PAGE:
ABSTRACT: Hydrophobic interaction chromatography (HIC) is an important tool in the industrial purification of proteins from various sources. The HIC separation behavior of individual (or model) proteins has been widely researched by others. On the contrary, this study focused on the fractionation ability of HIC when it is challenged with whole proteomes. The impact of the nature of three different proteomes, that is, yeast, soybean, and Chinese hamster ovary cells, on HIC separation was investigated. In doing so, chromatography fractions obtained under standardized conditions were evaluated in terms of their overall hydrophobicity-as measured by fluorescence dye binding. This technique allowed for the calculation of an average protein surface hydrophobicity (S0 ) for each fraction; a unique correlation between S0 and the observed chromatographic behavior was established in each case. Following a similar strategy, the effect of three different ligands (polypropylene glycol, phenyl, and butyl) and two adsorbent particle sizes (65 and 100 µm) on the chromatographic behavior of the yeast proteome was evaluated. As expected, the superficial hydrophobicity of the proteins eluted is correlated with the salt concentration of its corresponding elution step. The findings reveled how-and in which extent-the type of ligand and the size of the beads actually influenced the fractionation of the complex biological mixture. Summarizing, the approach presented here can be instrumental to the study of the performance of chromatography adsorbents under conditions close to industrial practice and to the development of downstream processing strategies. Copyright © 2013 John Wiley & Sons, Ltd.Journal of Molecular Recognition 12/2013; 26(12):618-26. DOI:10.1002/jmr.2302 · 2.34 Impact Factor
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ABSTRACT: Background: Crystallization is not always achieved for all proteins in a good size and a good quality for X-ray diffraction. So that condition opens a field for the development of theoretical molecular and protein studies allowing the representation of the molecules in 3D, providing spatial information to study the interaction between ligands and macromolecular receptors. Materials and Methods: In silico study from primary sequence analysis of six different proteins LuxS crystallized of several bacteria. 1J6X protein of Helicobacter pylori was selected for its similarity with the LuxS protein sequence in Porphyromonas gingivalis (P. gingivalis) strain W83 to produce a homology model of this protein, using the Sybyl and MOE software. A docking was performed to assess the reproducibility of the model in a biological environment. Results: The LuxS protein modelling of P. gingivalis strain W83 was developed, which allows the approach to a proposed structure for the interaction between the protein and its natural ligand. The model generated with computational resources achieved the correct position and biological behavior by means of developed calculations. The docking showed a cavity in which the ligand adopted several positions with good results. Conclusions: A LuxS protein model was obtained, validated by different methods. This generated a 3D model for LuxS protein in P. gingivalis strain W83 with biological reproducibility by means of molecular docking.12/2012; 5(3):105-113. DOI:10.4067/S0719-01072012000300001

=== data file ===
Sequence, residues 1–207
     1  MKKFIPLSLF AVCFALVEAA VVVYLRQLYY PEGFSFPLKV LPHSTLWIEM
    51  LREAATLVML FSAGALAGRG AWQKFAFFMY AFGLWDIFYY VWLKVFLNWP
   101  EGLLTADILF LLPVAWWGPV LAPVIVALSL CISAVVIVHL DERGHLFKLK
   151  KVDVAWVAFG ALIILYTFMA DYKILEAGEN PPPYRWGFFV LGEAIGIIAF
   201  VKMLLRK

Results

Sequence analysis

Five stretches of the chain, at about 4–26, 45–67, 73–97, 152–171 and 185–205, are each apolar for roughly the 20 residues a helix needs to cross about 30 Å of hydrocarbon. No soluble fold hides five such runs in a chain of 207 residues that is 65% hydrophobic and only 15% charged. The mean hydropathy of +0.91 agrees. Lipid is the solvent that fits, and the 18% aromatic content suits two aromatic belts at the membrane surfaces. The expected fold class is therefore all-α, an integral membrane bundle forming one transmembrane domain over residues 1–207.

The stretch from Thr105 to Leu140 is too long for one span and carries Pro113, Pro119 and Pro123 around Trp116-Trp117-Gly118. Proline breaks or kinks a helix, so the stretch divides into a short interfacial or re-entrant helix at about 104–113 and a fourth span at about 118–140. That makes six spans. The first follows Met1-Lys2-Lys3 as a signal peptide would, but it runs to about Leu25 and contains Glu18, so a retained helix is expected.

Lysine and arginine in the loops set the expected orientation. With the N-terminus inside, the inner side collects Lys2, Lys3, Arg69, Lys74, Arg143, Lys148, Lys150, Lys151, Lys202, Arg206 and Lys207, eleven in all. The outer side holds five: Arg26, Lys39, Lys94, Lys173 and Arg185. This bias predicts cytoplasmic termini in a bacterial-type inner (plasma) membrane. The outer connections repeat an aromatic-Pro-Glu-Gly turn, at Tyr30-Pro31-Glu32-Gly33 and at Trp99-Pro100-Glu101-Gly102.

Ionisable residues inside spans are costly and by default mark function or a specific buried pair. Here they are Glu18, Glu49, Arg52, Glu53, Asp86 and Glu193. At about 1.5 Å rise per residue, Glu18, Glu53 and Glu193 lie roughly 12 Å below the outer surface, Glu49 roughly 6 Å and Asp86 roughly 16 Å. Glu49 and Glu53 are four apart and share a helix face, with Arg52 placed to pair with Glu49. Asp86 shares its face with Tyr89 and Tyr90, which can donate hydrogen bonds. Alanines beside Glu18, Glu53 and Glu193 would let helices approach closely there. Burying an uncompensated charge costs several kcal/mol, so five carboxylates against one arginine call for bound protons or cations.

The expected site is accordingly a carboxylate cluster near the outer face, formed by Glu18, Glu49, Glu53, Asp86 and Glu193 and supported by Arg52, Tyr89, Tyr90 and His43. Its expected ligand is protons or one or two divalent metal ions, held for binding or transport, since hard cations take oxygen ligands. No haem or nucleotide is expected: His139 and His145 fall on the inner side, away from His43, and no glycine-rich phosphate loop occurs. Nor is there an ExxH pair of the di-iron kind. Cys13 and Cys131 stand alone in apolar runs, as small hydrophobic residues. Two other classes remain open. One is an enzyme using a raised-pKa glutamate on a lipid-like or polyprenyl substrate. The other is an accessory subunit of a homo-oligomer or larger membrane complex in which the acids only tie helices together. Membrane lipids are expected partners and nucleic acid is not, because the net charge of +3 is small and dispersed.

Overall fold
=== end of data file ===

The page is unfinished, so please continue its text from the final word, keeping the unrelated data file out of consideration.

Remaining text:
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ABSTRACT: The present study utilized a combination of DLS (dynamic light scattering) and DSC (differential scanning calorimetry) to address thermostability of high-affinity folate binding protein (FBP), a transport protein and cellular receptor for the vitamin folate. At pH7.4 (pI=7-8) ligand binding increased concentration-dependent self-association of FBP into stable multimers of holo-FBP. DSC of 3.3μM holo-FBP showed Tm (76 (0)C) and molar enthalpy (146kcalM(-1)) values increasing to 78 (0)C and 163kcalM(-1) at 10μM holo-FBP, while those of apo-FBP were 55 (0)C and 105kcalM(-1). Besides ligand binding, intermolecular forces involved in concentration-dependent multimerization thus contribute to the thermostability of holo-FBP. Hence, thermal unfolding and dissociation of holo-FBP multimers occur simultaneously consistent with a gradual decrease from octameric to monomeric holo-FBP (10μM) in DLS after a step-wise rise in temperature to 78 (0)C≈Tm. Stable holo-FBP multimers may protect naturally occurring labile folates against decomposition or bacterial utilization. DSC established an interrelationship between diminished folate binding at pH5, especially in NaCl-free buffers, and low thermostability. Positively charged apo-FBP was almost completely unfolded and aggregated at pH5 (Tm 38 (0)C) and holo-FBP, albeit more thermostable, was labile with aggregation tendency. Addition of 0.15M NaCl increased thermostability of apo-FBP drastically, and even more so that of holo-FBP. Electrostatic forces thus seem to contribute to a diminished thermostability at low pH. Fluorescence spectroscopy after irreversible thermal unfolding of FBP revealed a weak-affinity folate binding.Biochimica et Biophysica Acta 12/2013; 1844(3). DOI:10.1016/j.bbapap.2013.12.009 · 4.66 Impact Factor